Still, despite his psychological waywardness, there is also something to be admired in Russell’s stubborn pursuits, at least when it comes to music. Janovitz writes about Russell’s role in the early use and development of synthesizers and drum machines and examines how he was exploring video as a media for music well before MTV. Artistically, Russell’s willing desire to follow new threads with his work could often lead to something brilliant, such as his swerve into country music when he made the so-called Hank Wilson albums. At times, he could jump into a much murkier direction, such as his collaboration with the Gap Band.
Russell’s best songs — “Delta Lady,” “A Song for You,” “Hummingbird,” “Lady Blue” “Ballad of Mad Dogs and Englishmen,” “Tight Rope,” “Shootout on the Plantation,” “In the Hands of Angels,” “Stranger in a Strange Land,” and “This Masquerade” — were all inspired by his personal life. So too were some of his more career-upending projects, such as the flat-sounding mid-’70s records he made with his then-wife Mary McCreary. (The couple’s inability to sound very good together foreshadowed the marriage’s harsh meltdown.)
Janovitz gives us a deep dive into the life Russell lived off the stage and away from the studio. He follows the Okie kid, beset with physical ailments that would worsen across his lifetime, to California, where the musician embraces the hippie culture, falling in and out of love with women who stay in his life (for better or worse) well past the expiration date of the initial romance. Then it’s back to Tulsa for Russell and his expanding family and business before he decamps to Tennessee and builds a life and career around Nashville.
The tangle of wives and children is central to Russell’s life and work, and Janovitz does his best to bring in as many of those familial voices as he can.
Russell’s expansive story is, at times, overwhelming. The names of musicians, producers, staff members, recording engineers, and hangers-on stack up quickly (Janowitz reports that he conducted more than 137 interviews and was given access to Russell’s unpublished autobiography as well as other business and family documents).
It’s easy to lose track of all the people and places despite Janovitz’s best efforts to provide a few clear through lines to help guide the tale, such as Russell’s decades-long friendship with Willie Nelson; the rise, fall, and ripple effect of Shelter Records, the record label Russell and Denny Cordell formed; or a subplot around the making and long-delayed release of Les Blank’s free-form feature documentary about Russell, A Poem Is a Naked Person.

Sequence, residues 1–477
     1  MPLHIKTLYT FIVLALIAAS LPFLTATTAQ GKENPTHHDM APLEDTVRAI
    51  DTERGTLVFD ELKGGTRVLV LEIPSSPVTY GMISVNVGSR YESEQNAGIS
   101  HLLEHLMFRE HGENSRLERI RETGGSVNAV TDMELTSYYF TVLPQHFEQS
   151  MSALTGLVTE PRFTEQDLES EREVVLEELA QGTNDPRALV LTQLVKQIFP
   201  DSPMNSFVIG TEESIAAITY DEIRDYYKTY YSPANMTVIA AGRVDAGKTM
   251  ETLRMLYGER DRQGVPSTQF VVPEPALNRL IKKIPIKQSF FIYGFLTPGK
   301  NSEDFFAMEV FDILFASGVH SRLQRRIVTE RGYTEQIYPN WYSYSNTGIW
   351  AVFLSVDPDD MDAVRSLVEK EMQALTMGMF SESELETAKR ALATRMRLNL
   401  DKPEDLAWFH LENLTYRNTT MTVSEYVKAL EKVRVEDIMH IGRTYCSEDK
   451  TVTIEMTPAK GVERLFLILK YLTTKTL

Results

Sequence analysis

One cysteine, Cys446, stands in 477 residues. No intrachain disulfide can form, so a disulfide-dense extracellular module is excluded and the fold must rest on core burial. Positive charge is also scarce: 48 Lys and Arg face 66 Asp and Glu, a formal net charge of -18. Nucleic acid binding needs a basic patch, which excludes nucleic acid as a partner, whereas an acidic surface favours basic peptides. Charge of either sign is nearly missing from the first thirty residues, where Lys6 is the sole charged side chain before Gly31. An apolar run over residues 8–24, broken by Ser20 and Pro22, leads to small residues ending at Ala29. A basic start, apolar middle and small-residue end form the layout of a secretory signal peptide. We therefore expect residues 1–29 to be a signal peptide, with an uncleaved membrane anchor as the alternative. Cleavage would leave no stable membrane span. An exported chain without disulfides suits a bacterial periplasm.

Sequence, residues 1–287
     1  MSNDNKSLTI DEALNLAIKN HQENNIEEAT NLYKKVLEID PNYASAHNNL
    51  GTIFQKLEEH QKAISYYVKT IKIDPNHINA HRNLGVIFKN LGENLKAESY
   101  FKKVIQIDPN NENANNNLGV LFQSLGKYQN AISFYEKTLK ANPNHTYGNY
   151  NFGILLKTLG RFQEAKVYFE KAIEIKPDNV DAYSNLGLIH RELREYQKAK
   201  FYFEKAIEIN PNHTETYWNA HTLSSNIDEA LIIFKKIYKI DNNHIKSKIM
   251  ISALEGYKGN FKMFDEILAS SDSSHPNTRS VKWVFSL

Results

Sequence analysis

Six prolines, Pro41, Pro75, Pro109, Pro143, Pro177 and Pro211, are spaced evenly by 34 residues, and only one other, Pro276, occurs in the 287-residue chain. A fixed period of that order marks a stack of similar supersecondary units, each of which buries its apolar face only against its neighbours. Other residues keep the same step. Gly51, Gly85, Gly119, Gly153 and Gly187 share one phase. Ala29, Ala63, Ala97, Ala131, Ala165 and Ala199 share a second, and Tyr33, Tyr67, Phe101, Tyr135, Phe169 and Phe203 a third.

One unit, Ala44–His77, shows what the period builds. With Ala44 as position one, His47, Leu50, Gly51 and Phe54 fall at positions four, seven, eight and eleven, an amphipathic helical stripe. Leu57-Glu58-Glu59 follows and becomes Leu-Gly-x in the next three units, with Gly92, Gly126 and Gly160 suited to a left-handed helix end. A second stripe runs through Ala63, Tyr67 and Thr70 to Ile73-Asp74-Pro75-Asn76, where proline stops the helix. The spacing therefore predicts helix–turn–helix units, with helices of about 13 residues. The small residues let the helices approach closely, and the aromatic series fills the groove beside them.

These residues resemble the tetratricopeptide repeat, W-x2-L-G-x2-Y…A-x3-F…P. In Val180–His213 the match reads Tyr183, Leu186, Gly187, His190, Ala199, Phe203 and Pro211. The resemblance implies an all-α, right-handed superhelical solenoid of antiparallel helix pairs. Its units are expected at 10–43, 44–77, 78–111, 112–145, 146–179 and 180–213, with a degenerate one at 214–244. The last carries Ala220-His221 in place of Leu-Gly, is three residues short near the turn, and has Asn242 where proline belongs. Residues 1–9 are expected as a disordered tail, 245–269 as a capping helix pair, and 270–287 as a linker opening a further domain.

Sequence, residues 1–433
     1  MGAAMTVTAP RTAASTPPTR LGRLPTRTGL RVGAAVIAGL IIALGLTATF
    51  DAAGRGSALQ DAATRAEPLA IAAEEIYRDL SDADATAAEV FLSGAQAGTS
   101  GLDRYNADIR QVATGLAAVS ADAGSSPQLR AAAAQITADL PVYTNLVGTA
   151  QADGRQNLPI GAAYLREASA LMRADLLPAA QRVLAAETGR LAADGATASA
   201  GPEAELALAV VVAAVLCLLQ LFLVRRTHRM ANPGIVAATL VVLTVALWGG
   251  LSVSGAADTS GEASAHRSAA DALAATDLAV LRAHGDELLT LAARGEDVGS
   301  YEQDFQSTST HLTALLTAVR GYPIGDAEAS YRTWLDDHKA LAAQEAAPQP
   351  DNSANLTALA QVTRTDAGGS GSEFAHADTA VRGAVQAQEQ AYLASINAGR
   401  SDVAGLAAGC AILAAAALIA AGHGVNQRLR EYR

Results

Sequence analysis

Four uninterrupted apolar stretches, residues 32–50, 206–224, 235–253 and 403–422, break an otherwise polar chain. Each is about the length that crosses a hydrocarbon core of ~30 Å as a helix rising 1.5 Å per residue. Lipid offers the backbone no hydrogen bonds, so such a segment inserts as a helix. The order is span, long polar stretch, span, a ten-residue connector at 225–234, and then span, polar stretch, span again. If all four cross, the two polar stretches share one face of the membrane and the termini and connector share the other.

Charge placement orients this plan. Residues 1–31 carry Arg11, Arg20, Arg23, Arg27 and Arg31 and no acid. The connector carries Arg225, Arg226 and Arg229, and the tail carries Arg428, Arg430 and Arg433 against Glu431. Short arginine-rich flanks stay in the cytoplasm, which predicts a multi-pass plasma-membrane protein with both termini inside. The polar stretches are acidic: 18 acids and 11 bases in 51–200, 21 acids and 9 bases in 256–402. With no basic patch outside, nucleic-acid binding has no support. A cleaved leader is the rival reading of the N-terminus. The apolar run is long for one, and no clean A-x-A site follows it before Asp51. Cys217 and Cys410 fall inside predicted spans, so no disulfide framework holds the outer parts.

Janovitz is at his most effective whenever he keeps Russell as the protagonist, which is an accomplishment when you consider who some of the other major players in this story are: Bob Dylan, Eric Clapton, George Harrison, Tom Petty, and Elton John, to name a few. In this biography, we watch the enigmatic, brilliant, conflicted, and downright weird Russell enter and exit the lives and careers of luminaries who far outshone him in a commercial sense. But he always treated them on his own terms.
Russell remained defiantly independent to the end, breaking away from the team that Elton John assembled to engineer Russell’s 2010 comeback with the album The Union and induction into the Rock & Roll Hall of Fame the following year. John was aghast to see just how far down the ladder Russell, whom he considered not only a crucial early influence but also a musician to be treasured, had fallen. As much as Russell is reported to have appreciated all that John did for him, he could not go along with the superstar’s long-term plans about recording with hip outside producers and hitting the promo circuit of talk shows and the like.
John’s manager Johnny Barbis, who was guiding Russell’s career during The Union period, told Janovitz, that Russell amicably split from Team Elton with the quip, “You guys made enough money off of me.” Janovitz, like any rational person would, questions Russell’s bad decisions, which threw his career, family life, and financial security into various states of disarray over the years.
But the biographer makes it crystal clear that Russell is someone to admire, an artist who preferred to take his chances on the tightrope rather than safely travel down familiar roads again and again.
Janovitz will discuss, with author Tom Perrotta, Leon Russell: The Master of Space and Time’s Journey Through Rock & Roll History at 7 p.m. tonight at the Harvard Book Store, 1256 Massachusetts Avenue, Cambridge.
Scott McLennan covered music for the Worcester Telegram & Gazette from 1993 to 2008. He then contributed music reviews and features to the Boston Globe, Providence Journal, Portland Press Herald, and WGBH, as well as to the Arts Fuse. He also operated the NE Metal blog to provide in-depth coverage of the region’s heavy metal scene.